[12 FSM Intrm. 128]
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[12 FSM Intrm. 129]
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ANDON L. AMARAICH, Chief Justice:
On August 15, 2003, the parties filed a joint brief requesting that this Court continue to exercise jurisdiction in the above-referenced matter notwithstanding the fact that the party whose citizenship gave rise to this Court's jurisdiction (based on diverse citizenship, FSM Const. art. XI, 6(b), has been dismissed from the case. The remaining parties allege that the "statute of limitation would become an issue" if this case were dismissed by the national court and the parties were required to re-file it in state court.
It is well established that diversity "is determined as of the commencement of the action." Etpison v. Perman, 1 FSM Intrm. 405, 414 (Pon. 1984). Once diversity jurisdiction attaches, or vests, "it is not defeated by later developments," id., such as a party's later change of domicile or the dismissal of a party due to partial settlement. See also Jack H. Friedenthal, Mary Kay Kane & Arthur R. Miller, Civil Procedure 28-29 (1985) ("In determining whether diversity of citizenship exists, the critical moment is the time at which the suit is commenced. . . . The rationale for this rule is the practical necessity of having a definite and easily ascertainable bench mark for determining whether jurisdiction has been established.")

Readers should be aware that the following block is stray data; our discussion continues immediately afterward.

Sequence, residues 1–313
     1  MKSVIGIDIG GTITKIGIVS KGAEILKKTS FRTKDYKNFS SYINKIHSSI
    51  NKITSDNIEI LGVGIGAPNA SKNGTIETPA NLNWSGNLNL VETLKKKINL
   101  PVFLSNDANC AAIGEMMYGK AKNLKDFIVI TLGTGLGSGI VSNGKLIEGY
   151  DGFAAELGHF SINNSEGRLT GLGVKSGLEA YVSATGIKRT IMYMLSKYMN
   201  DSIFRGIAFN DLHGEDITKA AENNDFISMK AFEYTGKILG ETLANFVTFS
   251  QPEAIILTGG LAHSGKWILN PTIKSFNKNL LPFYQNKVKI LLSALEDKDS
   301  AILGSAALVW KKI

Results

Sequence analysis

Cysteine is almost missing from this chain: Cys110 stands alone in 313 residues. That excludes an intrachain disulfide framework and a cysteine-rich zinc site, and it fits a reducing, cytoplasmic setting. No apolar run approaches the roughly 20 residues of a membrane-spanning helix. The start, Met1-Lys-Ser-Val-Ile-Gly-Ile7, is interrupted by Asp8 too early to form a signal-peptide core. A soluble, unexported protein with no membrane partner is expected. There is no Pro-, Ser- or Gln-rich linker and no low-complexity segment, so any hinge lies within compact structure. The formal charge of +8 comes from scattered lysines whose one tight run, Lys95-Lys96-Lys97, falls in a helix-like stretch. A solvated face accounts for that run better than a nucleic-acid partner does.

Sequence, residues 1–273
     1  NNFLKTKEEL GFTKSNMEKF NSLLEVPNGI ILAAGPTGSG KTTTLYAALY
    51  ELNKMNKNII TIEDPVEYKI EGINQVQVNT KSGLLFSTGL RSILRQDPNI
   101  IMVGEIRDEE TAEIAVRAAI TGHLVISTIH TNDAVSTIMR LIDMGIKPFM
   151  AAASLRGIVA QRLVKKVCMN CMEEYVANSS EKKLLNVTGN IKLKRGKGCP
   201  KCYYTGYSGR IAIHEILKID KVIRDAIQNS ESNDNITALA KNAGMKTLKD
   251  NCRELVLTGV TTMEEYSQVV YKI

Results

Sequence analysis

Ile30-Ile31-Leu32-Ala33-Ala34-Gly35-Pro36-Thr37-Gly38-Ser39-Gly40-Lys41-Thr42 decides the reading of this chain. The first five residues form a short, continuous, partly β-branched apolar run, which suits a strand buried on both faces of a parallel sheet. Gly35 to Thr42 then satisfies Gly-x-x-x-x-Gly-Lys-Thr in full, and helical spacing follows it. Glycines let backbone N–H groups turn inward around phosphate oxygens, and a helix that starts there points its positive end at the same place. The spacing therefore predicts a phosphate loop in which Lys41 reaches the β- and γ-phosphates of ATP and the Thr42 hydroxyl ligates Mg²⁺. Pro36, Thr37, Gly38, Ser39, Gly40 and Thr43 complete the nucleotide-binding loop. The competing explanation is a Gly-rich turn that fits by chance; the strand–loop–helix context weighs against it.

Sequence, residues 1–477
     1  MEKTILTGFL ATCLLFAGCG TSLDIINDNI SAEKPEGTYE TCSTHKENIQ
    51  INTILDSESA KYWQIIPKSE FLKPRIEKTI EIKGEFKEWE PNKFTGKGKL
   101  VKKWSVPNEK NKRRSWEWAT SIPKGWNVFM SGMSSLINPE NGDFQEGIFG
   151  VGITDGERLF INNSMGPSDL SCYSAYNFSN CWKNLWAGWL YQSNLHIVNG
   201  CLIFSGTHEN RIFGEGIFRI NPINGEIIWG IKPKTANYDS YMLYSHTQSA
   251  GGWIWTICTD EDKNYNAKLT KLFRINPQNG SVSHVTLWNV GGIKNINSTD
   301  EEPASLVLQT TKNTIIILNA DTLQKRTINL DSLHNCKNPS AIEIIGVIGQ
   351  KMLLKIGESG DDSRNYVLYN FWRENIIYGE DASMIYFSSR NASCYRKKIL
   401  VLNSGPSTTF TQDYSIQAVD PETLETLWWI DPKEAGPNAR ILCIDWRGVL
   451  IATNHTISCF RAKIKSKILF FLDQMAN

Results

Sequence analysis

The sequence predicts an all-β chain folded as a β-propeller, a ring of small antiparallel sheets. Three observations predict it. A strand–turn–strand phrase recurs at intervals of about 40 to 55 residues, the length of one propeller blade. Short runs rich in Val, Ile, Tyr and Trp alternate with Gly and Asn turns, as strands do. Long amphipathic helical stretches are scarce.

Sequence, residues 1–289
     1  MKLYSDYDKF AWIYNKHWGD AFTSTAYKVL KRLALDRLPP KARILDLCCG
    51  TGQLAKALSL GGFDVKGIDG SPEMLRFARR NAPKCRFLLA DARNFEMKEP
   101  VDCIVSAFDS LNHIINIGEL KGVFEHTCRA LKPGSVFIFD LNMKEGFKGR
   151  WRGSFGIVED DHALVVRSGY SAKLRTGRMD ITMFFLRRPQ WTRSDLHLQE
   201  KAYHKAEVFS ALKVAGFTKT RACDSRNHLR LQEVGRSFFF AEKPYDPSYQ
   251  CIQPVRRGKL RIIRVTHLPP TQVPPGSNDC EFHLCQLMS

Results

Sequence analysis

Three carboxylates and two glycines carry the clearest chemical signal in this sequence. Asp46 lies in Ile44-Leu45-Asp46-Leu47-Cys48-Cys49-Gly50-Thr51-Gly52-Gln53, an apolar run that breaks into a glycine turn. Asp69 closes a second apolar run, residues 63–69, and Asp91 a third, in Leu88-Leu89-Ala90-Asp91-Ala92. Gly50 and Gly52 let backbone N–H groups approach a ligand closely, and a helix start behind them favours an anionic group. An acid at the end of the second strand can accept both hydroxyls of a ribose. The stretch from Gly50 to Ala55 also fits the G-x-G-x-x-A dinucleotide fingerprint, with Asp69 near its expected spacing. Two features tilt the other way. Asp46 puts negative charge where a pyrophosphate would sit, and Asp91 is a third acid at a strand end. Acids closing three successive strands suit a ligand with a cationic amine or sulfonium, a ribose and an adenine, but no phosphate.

Diversity of citizenship existed at the time this action was filed in the national court. Accordingly, the Court hereby grants the parties’ request that the above-referenced action proceed in national court.
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